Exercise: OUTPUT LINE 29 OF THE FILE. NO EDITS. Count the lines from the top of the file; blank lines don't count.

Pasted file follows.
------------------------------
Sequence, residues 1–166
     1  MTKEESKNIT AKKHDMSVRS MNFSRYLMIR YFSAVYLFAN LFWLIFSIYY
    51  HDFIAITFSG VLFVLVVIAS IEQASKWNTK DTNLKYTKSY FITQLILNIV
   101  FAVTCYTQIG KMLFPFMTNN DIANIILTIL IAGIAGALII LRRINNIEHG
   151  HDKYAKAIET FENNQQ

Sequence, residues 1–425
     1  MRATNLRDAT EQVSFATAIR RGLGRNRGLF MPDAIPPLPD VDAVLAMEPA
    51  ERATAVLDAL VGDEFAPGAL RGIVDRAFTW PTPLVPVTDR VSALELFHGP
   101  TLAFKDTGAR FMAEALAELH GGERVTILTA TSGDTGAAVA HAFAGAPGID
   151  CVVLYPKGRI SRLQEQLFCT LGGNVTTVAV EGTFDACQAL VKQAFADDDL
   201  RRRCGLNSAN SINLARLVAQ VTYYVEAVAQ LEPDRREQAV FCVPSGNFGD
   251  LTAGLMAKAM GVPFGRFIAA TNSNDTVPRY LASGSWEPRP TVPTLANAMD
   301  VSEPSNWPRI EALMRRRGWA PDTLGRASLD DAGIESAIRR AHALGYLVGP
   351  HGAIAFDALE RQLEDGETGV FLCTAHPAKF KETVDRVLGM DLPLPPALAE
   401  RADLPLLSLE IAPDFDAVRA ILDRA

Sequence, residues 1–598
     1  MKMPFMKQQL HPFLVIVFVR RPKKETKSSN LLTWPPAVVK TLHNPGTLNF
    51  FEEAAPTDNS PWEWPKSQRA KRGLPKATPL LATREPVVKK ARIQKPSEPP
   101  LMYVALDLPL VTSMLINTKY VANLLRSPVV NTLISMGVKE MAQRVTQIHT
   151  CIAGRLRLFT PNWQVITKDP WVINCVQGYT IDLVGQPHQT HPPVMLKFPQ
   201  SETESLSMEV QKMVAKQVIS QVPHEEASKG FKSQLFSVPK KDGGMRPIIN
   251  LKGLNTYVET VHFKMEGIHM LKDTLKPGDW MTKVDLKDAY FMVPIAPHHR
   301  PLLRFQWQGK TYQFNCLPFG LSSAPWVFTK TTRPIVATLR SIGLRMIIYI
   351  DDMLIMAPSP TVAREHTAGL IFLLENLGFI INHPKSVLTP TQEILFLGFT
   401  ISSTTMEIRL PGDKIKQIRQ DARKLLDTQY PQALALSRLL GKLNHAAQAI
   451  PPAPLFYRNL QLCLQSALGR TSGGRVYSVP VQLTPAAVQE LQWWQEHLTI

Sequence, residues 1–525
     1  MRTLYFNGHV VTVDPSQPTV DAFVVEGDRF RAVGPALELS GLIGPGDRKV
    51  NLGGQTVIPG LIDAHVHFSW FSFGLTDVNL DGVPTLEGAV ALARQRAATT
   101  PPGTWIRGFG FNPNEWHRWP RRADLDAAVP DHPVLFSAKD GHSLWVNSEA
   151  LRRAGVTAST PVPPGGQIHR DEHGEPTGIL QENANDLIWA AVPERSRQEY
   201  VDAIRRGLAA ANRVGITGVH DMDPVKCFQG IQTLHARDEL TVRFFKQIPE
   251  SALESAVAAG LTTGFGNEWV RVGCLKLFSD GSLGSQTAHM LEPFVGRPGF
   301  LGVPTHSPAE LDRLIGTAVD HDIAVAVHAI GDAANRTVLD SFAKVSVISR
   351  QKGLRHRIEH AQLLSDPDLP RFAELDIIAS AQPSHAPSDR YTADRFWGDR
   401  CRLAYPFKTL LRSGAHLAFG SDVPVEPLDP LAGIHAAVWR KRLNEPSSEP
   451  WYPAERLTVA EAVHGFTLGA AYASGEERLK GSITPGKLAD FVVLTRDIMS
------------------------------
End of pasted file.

    51  NLGGQTVIPG LIDAHVHFSW FSFGLTDVNL DGVPTLEGAV ALARQRAATT